Fleeing to her relatives in Hesaka, at age 24 another woman remembers that “people, with the skin dangling down, were stumbling along. They fell down with a thud and died one after another”, adding, “still now I often have nightmares about this, and people say, ‘it’s neurosis’”.

One man who entered Hiroshima after the bomb recalled in the exhibition, “that dreadful scene – I cannot forget even after many decades”.

A woman who was 25 years-old at the time, said, “when I went outside, it was dark as night. Then it got brighter and brighter, and I could see burnt people crying and running about in utter confusion. It was hell…I found my neighbour trapped under a fallen concrete wall…Only half of his face was showing. He was burned alive”.Uniting for peace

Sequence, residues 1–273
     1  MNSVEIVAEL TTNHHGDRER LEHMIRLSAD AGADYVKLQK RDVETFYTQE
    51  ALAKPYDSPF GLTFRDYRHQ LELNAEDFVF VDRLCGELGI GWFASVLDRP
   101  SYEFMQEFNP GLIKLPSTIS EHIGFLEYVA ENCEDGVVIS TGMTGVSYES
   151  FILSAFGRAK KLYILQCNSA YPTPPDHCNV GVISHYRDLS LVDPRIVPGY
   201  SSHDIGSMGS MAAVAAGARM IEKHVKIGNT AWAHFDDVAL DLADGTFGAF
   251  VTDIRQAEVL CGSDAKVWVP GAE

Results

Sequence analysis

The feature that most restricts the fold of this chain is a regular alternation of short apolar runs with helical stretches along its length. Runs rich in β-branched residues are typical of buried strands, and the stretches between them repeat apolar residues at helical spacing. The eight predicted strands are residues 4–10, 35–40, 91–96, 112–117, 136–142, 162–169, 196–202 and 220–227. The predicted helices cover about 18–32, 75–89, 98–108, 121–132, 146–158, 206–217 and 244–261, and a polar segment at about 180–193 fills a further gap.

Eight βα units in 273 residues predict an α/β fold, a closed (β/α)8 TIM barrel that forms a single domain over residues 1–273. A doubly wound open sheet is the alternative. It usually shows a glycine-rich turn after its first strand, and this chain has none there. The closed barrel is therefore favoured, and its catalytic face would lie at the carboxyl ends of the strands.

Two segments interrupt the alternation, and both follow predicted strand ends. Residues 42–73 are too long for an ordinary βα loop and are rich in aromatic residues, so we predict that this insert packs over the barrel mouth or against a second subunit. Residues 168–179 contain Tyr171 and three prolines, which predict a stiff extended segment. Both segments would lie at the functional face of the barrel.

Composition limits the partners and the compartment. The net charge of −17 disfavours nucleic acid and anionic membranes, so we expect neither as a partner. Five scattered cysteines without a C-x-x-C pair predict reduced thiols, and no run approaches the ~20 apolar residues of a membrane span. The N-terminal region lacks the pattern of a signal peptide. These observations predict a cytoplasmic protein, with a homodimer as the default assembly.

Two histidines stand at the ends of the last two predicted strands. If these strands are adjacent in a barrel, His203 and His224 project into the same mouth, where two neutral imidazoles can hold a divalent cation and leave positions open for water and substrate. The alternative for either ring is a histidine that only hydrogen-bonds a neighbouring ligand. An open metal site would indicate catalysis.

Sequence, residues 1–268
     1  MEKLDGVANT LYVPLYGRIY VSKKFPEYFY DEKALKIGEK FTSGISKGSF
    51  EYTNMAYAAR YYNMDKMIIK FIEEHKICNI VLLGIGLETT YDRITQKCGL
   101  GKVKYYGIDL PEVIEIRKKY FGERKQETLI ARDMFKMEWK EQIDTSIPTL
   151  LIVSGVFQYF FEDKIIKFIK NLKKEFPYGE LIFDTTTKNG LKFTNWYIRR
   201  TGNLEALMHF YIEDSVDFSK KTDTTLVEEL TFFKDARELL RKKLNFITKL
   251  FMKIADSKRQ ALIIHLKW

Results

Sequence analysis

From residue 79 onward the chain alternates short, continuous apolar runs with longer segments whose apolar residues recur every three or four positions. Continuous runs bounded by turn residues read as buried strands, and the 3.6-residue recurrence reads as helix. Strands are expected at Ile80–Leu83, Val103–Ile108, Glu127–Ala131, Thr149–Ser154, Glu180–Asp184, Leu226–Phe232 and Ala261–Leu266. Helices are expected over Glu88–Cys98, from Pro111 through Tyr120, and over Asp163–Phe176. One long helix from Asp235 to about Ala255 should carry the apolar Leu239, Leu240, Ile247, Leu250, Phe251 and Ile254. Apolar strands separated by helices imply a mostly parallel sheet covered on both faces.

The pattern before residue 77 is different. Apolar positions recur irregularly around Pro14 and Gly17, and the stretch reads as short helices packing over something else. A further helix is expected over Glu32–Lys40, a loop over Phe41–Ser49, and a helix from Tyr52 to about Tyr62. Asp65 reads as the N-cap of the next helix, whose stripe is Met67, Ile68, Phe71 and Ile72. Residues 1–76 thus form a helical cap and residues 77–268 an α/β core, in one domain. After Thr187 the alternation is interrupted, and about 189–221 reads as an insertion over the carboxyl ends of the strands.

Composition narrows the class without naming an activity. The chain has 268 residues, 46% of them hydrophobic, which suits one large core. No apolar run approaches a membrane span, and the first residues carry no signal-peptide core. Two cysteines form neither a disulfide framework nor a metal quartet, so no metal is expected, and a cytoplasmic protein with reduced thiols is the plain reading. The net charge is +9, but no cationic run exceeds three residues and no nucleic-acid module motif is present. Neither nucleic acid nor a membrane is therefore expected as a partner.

The steadfast conviction of the Hidankyo remains: “Nuclear weapons are absolute evil that cannot coexist with humans. There is no choice but to abolish them”.

In August 1956, the survivors of the 1945 atomic bombs in Hiroshima on 6 August and Nagasaki three days later, formed the “Japan Confederation of A and H-Bomb Sufferers Organizations”.

Encouraged by the movement to ban the atomic bomb that was triggered by the Daigo Fukuryu Maru disaster – when 23 men in a Japanese tuna fishing boat were contaminated by nuclear fallout from a hydrogen bomb test at Bikini Atoll in 1954 – they have not wavered in their efforts to prevent others from becoming nuclear victims.